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ARC:HOW TO ACHIEVE THE MOST BENEFITS FROM A CAPTIVE INSURER

Smaller firms break into captive market, drive growth

Among the major drivers of new captive formations is increasing interest from smaller companies in tapping the alternative risk transfer market.

“I think the small captive market is very frothy,” said Brady Young, president and CEO of Strategic Risk Solutions Inc. in Concord, Mass. Several captive managers are focusing on companies that wouldn't have been considered to be captive prospects in the past, he said, as strong cash flows, strong earnings and risks that aren't covered by traditional insurance replace total annual premiums as the new metrics for identifying companies that could benefit from forming captives, he said.

“It's surprising how much interest there is out there from those types of companies,” Mr. Young said, adding that the “small captive” category might be driving 70% to 80% of new formations.

“Utah was kind of the first to figure that out and target that segment of the captive market,” he said.

Many of those small captives are able to benefit from 831(b) tax elections, under which the U.S. federal government taxes them only on investment income if their annual premiums are less than $1.2 million. Concerns remain among some managers, regulators and others in the industry about cases in which those captives are formed for purposes of tax hedging rather than true risk transfer, however.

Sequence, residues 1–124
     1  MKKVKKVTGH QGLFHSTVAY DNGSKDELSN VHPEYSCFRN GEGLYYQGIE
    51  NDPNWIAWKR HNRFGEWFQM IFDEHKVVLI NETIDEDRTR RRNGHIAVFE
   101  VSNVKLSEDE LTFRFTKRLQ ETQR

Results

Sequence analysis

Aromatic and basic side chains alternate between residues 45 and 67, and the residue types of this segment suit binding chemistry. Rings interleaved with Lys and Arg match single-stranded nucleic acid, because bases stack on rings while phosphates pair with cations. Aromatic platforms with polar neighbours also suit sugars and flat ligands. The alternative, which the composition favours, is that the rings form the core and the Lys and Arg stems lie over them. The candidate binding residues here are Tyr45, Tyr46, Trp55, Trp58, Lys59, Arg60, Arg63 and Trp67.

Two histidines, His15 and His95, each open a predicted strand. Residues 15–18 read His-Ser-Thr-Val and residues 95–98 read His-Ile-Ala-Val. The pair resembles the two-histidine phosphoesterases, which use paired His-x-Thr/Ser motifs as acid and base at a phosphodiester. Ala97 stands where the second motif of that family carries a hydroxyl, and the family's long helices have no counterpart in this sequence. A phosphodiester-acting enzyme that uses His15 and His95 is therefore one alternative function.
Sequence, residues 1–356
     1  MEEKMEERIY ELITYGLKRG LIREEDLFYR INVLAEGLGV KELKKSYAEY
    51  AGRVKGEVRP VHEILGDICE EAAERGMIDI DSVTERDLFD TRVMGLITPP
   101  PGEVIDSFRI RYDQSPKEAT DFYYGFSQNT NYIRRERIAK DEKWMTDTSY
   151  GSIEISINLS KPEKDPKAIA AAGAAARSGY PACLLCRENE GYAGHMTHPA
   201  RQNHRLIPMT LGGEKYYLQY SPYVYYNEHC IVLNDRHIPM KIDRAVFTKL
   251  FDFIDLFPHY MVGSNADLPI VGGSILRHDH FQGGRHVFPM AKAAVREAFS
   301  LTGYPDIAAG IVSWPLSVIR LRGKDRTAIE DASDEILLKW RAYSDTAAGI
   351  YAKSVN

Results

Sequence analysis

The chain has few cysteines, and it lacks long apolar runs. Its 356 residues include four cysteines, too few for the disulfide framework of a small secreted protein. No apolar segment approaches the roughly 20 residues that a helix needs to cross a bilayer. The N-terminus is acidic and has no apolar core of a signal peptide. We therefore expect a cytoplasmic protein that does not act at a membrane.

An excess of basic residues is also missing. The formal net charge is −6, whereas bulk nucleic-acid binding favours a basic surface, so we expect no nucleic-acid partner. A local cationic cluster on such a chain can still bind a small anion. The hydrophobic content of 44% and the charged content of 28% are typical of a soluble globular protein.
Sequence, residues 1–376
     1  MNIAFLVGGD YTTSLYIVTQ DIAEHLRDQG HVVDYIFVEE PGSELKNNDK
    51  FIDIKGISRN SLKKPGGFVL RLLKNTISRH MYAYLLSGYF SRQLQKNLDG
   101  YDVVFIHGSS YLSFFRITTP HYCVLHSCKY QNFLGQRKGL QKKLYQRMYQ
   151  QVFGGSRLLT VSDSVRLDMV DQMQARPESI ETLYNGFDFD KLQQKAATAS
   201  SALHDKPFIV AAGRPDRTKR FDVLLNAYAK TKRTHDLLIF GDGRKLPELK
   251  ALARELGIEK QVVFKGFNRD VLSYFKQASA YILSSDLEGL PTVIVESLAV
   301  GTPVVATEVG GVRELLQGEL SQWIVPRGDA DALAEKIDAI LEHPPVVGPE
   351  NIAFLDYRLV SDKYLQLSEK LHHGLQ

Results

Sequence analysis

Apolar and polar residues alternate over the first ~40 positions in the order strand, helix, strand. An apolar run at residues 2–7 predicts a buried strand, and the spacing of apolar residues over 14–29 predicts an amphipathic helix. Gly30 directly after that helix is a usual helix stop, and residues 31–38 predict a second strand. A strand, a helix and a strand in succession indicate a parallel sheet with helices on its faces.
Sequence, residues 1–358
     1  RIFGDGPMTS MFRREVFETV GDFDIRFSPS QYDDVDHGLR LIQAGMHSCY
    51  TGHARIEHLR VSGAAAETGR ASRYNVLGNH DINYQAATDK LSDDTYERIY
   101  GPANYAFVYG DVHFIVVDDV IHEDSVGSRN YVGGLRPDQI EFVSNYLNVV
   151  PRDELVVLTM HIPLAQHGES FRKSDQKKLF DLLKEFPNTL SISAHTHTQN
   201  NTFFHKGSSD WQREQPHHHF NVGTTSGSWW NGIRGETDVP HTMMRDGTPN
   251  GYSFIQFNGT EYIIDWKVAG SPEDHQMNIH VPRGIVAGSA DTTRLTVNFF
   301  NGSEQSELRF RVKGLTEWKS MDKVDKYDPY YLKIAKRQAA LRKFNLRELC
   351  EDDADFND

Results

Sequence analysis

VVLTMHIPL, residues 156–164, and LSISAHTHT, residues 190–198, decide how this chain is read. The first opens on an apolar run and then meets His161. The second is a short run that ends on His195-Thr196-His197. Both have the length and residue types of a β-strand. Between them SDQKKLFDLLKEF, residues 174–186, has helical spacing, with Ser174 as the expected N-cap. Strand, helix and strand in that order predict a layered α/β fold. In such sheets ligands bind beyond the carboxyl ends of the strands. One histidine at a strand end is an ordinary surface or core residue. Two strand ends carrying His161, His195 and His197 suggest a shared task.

“We're seeing the midsize captives, 831(b)s,” said Andrew Sargeant, chief operating officer at USA Risk Group Inc. in Montpelier, Vt. “I know there's been a lot of activity out in Utah with some of these.”

But, Mr. Sargeant said, “We're very careful when we work with these, because we want to make sure that there's proper risk transfer and risk activity when you form these and it's not merely a tax play.”

Smaller companies also are showing considerable interest in using captives in their employee benefit programs.

“There's a lot of interest in benefits in captives: medium-sized employers looking for a magic bullet and hoping or thinking their captive might be it,” said Mr. Young. There is a “lot of interest, certainly a lot of smoke on using a group captive for medical benefits.”

“The real interest is in medical stop-loss,” said Les Boughner, managing director of Willis Group Holdings P.L.C.'s North American captive practice in Burlington, Vt., with employers forming group captives to provide that stop-loss coverage.

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